Charles M. Perou, Antoine L. Perchellet, Jerry Kaplan, and Monica J. Justice
Department of Pathology, University of Utah School of Medicine, Salt Lake City, Utah 84132.
Mouse Chromosome 13 contains regions conserved on human chromosomes 1q41q43, 6p23-p21, 7p22-p13 and 5q11.2-q35. These regions contain numerous models for human disease, such as Chediak Higashi syndrome (mouse beige) , Greig cephalopolysyndactly syndrome (mouse extra-toes) , and cancer [3, 4, 5, 6]. The mouse provides a useful genetic model organism for understanding the mechanism of disease in humans, as well as for dissecting the biological function of other genes that are conserved between mouse and human.
As a first step in examining the function of genes in the proximal region of mouse chromosome 13, we are creating a fine structure genetic linkage map of the genomic region encompassing beige (bg) and satin (sa). An interspecific backcross involving SB/Le and Mus spretus mice was used to generate a molecular genetic linkage map of mouse chromosome 13 . This map provides the gene order of the two phenotypic markers bg and sa relative to restriction fragment length variants and simple sequence length variants. Our initial study involves 132 backcross animals, and spans the entire chromosome. The results from these data will direct "interval mapping" of the bg-sa region on an additional 400 animals. In the bg-sa region of 6 cM, the marker density of our map exceeds 7 markers/cM.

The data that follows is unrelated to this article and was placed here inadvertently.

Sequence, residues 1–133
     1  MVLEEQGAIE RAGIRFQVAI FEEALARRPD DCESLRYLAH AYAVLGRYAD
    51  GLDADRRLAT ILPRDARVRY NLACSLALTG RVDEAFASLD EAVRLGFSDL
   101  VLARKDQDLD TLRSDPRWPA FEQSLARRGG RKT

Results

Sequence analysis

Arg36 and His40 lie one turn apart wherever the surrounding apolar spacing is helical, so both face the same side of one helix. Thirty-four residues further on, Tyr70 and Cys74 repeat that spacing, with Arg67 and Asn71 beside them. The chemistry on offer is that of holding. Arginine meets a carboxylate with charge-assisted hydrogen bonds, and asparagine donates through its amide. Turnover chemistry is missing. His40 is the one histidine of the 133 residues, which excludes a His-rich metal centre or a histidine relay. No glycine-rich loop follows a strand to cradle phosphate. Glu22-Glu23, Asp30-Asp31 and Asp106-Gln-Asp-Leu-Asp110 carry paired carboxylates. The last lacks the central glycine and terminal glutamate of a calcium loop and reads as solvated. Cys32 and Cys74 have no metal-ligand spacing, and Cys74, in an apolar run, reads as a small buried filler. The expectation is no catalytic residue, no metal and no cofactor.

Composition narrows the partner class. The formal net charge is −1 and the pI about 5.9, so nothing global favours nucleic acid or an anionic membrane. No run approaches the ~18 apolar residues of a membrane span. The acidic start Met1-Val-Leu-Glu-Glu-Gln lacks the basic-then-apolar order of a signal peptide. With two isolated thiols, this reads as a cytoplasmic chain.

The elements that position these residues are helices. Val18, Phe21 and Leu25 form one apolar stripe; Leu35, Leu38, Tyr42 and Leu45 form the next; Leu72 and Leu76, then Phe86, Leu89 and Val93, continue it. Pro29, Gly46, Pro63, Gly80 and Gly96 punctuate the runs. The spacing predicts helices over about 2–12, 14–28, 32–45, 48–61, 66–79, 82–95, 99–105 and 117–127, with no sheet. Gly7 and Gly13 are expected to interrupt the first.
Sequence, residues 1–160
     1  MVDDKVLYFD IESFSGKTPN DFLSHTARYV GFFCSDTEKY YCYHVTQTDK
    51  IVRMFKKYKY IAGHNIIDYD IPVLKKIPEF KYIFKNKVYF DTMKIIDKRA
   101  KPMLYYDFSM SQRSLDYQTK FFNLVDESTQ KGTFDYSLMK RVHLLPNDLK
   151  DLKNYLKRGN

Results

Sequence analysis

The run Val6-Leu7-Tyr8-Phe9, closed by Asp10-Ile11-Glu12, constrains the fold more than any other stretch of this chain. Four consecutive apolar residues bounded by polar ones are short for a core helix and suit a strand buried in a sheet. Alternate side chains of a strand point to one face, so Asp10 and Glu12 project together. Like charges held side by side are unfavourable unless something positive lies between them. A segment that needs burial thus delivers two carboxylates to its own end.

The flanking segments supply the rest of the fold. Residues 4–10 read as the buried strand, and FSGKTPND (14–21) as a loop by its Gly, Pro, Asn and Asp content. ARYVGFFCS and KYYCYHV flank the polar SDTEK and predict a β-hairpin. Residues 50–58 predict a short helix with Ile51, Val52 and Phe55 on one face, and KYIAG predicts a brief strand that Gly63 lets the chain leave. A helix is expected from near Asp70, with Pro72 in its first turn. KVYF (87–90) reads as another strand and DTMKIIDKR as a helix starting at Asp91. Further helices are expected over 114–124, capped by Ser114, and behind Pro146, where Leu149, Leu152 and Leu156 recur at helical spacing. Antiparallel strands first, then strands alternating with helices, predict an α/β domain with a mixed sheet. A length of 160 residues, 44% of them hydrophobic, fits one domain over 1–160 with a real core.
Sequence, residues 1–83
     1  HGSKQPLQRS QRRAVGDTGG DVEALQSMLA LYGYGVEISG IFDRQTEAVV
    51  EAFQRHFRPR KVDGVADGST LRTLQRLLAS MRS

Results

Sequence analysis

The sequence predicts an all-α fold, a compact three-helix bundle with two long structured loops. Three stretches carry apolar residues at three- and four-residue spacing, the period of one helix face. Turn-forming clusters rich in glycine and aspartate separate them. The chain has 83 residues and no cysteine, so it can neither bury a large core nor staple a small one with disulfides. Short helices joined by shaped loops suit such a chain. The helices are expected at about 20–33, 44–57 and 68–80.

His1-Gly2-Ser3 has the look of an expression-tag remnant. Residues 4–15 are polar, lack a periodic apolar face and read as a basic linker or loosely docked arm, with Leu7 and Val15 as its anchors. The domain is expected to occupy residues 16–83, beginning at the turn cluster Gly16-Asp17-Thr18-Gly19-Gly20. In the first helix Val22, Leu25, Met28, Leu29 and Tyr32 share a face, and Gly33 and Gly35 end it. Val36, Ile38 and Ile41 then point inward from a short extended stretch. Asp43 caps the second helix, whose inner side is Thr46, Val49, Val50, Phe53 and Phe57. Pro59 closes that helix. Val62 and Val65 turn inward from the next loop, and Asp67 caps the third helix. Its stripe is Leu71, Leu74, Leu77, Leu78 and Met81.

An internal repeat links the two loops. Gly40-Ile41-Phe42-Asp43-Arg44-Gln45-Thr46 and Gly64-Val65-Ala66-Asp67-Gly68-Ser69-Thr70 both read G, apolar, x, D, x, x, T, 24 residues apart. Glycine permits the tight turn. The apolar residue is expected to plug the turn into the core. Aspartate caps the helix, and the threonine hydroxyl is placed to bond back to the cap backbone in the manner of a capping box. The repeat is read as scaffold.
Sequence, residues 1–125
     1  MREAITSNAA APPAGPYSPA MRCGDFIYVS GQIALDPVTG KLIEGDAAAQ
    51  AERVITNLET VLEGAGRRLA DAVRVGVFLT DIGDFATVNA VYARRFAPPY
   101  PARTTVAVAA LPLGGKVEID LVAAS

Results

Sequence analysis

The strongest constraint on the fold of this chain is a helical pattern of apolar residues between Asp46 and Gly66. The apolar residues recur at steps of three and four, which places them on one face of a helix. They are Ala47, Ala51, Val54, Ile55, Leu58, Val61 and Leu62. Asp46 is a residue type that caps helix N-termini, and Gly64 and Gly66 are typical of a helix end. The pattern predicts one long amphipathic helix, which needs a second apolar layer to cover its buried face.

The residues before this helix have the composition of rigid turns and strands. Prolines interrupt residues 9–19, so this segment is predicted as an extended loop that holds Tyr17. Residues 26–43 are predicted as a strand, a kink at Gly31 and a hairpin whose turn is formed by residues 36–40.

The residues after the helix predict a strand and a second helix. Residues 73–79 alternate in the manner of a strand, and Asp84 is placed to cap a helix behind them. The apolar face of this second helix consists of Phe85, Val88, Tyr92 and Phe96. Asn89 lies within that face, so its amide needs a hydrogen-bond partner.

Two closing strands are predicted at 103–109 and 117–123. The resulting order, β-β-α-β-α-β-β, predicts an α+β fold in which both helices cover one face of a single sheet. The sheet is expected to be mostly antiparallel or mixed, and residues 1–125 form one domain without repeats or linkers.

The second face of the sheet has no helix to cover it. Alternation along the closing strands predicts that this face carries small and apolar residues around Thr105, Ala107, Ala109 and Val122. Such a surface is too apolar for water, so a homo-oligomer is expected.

In parallel to the genetic linkage mapping, we are creating a physical map of the region using Nidogen (Nid) as a molecular starting point for cloning a YAC contig. Multiple cDNAs have been isolated from these YACs, and the results show that linkage homology with human chromosome 1q41-43 is highly conserved in the mouse. The results also precisely localize a breakpoint in homology between human chromosomes 1q43 and 7p 13 in the region. The genetic and physical mapping results will provide valuable resources for further functional studies of the conserved genes in the region using induced mutations.
MJJ is supported by the U.S. Department of Energy, work proposal No. ERKP057, by the National Institutes of Health, 7R29CA63229-02, and by an award from the American Cancer Society, JFRA-553. J.K. is supported by the National Institutes of Health, HL26922, and C.M.P. is the recipient of an NIH Genetics Training Grant T32GM07464.
 Division of Biology, Kansas State University, Manhattan, KS 66506;  Biology Division, Oak Ridge National Laboratory, Oak Ridge, TN 37831
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